All of our students are covered by Medavie Blue Cross. If interested, please see the following link for general Bluecross information: They issue a medical card with the plan and user number. Your Homestay Coordinator will also have a copy of their number. Please take this card if a visit to any medical appointment or to the pharmacy. The student may want to take a picture of the card, as we know their phones are always with them! Any costs incurred that are not covered by Medavie Blue Cross are the responsibility of the student, not the Host family. Blue Cross does not cover regular dental visits. They will only cover the cost of a dentist visit if it is required as a result of an accident. Unfortunately, they do not consider the dog eating the dental appliance an emergency. Any costs incurred are the responsibility of the student, not the Host family. If your International son/daughter requires emergency medical attention (hospital visit etc.), please contact your Homestay Coordinator immediately. If your International son/daughter is not feeling well over several days (even if not an emergency situation), please advise your Homestay Coordinator. In most cases there is direct billing; however, in some cases, students are required to pay in advance and submit a receipt for reimbursement. To expedite this process, it is helpful for the student to:

  • Download the Medavie Blue Cross App (Google Play Store or iTunes). You only register once per student. Whatever email address they use will become their user ID and they will be asked to choose a password. Downloading the app also provides a digital copy of the health card! Host families may want to take a photo of the medical card to keep a copy on their phone.
  • Open a Canadian bank account; if not, they will issue a cheque to the student, and most banks will not cash a cheque if the student does not have an account.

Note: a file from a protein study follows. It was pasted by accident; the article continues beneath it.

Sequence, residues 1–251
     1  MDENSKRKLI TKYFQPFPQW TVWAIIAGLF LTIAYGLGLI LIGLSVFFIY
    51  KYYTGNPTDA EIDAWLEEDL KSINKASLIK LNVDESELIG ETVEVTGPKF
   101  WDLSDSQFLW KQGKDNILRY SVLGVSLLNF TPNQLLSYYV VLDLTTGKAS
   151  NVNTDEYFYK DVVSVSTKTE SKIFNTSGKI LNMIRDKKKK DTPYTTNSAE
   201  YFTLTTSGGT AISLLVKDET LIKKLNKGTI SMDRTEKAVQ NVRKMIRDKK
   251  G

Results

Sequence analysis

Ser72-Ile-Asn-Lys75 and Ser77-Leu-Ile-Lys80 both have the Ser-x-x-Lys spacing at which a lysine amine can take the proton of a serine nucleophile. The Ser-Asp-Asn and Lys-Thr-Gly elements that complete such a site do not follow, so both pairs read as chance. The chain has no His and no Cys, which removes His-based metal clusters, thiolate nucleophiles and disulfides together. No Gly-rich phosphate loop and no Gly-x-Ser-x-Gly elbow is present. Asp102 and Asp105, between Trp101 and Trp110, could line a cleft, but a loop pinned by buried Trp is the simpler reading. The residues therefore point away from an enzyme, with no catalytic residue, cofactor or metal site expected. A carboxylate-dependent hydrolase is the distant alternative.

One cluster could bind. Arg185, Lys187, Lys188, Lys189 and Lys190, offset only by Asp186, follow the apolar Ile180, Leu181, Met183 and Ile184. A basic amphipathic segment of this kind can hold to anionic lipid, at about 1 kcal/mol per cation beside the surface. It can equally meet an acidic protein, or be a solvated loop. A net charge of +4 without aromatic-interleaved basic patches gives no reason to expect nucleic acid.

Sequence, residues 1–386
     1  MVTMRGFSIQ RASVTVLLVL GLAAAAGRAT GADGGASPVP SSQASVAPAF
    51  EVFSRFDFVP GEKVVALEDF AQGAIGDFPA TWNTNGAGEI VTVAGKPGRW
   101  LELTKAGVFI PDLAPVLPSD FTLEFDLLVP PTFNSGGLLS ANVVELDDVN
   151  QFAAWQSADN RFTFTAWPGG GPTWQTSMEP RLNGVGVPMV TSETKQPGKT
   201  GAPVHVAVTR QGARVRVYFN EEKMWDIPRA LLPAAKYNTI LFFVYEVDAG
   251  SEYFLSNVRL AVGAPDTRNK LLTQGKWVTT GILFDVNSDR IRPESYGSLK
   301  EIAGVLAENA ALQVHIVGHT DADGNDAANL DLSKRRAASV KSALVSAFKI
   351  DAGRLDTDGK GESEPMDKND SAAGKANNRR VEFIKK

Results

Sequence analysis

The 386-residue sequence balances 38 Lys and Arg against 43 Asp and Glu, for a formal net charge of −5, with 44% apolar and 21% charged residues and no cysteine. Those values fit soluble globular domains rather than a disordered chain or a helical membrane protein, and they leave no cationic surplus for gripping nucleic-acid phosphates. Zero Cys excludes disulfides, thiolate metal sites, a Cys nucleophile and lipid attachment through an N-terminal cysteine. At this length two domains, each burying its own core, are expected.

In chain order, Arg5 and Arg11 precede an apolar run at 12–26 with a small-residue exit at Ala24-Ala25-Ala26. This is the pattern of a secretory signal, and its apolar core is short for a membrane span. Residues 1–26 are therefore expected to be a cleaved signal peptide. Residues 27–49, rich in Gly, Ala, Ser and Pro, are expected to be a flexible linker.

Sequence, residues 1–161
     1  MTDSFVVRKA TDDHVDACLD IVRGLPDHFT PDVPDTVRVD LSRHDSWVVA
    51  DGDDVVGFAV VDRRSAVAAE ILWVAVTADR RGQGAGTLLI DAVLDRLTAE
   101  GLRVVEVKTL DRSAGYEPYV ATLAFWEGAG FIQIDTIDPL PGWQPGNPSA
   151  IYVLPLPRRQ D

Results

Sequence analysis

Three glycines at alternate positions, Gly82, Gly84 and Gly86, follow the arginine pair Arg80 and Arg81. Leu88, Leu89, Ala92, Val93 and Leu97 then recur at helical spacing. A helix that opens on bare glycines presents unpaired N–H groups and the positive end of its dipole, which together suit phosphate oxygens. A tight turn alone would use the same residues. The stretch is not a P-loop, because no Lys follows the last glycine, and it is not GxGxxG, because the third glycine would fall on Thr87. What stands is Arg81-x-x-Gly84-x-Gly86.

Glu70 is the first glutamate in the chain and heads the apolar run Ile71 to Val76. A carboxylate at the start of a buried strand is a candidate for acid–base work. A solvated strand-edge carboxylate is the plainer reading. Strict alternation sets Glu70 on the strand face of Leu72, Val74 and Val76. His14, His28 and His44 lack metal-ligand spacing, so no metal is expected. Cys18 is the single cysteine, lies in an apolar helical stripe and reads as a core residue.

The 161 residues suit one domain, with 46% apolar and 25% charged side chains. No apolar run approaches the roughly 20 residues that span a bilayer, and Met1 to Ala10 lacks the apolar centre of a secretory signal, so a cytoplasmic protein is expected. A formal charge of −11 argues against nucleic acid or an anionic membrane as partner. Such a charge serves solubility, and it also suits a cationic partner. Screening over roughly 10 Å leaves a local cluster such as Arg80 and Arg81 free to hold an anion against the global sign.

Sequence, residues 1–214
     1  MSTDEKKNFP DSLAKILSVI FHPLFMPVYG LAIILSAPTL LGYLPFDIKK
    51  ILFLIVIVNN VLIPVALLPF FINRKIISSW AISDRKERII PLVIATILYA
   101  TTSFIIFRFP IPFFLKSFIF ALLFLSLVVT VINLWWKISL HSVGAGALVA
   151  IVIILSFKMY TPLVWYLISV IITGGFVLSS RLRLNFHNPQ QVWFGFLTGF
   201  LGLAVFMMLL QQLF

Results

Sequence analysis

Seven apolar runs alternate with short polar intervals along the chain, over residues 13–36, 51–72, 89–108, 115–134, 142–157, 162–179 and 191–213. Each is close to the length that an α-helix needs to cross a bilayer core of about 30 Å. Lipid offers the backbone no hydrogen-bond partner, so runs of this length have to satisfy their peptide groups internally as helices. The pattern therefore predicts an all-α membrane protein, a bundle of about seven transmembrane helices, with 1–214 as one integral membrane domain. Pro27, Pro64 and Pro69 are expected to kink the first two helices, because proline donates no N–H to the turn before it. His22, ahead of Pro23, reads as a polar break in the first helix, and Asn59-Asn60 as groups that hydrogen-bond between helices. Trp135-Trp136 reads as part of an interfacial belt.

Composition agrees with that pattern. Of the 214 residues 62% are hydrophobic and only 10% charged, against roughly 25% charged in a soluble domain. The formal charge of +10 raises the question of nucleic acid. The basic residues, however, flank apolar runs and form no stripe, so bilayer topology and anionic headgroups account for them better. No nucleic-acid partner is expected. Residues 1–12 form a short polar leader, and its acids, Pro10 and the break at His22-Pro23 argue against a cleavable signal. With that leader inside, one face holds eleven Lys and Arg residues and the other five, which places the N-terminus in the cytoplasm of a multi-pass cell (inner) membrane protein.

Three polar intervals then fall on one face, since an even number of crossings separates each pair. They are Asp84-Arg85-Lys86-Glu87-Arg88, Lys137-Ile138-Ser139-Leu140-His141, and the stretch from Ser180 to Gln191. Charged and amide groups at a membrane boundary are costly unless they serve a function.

Host families treat the students in their home the same way they would treat themselves or their own children. They will assist students in deciding if a doctor’s visit is necessary (for example: cough, sore throat, or menstrual cramps does not constitute needing to see a doctor). Sometimes families will visit a pharmacy for cough medicine or pain relief symptoms instead of going to a doctor. If a visit to a doctor is necessary, then a decision needs to be made concerning visiting a walk-in clinic or a hospital. Consider calling Nova Scotia’s 811 Health line or visiting their website for health information. Cultural differences regarding illness and medical care: your International son/daughter may not understand public health care, walk-in-clinics vs. hospital visits, wait times, etc. Understanding public health care and wait times: In Canada, we have public health care. Hospitals have emergency departments with doctors who will treat everyone for any issues they have. Hospitals treat the patients with the most serious issues first (heart attacks, car accidents, etc get first priority), so people with less serious issues usually have a long wait time (4,6,8 hours depending on the seriousness of the issue). Visiting a Walk-in clinic versus a hospital: Many communities in Nova Scotia have walk-in clinics. Walk-in clinics have shorter wait times and often an appointment can be scheduled. The doctors who work at walk-in clinics are the same doctors who work in the hospital emergency rooms. We have a virtual medical service called Maple to support our students, which can help and lessen wait times at a hospital. See the next slide for further information. Information about Maple: You will need to register for a Maple account: Click this link or navigate your browser to All you will need is your Medavie Blue Cross coverage card. You will need to enter your first and last name (entered EXACTLY as they appear on your coverage card), date of birth, policy, and identification numbers. To access a doctor, download the Maple app for iPhone / iPad, or Android device, or visit their website

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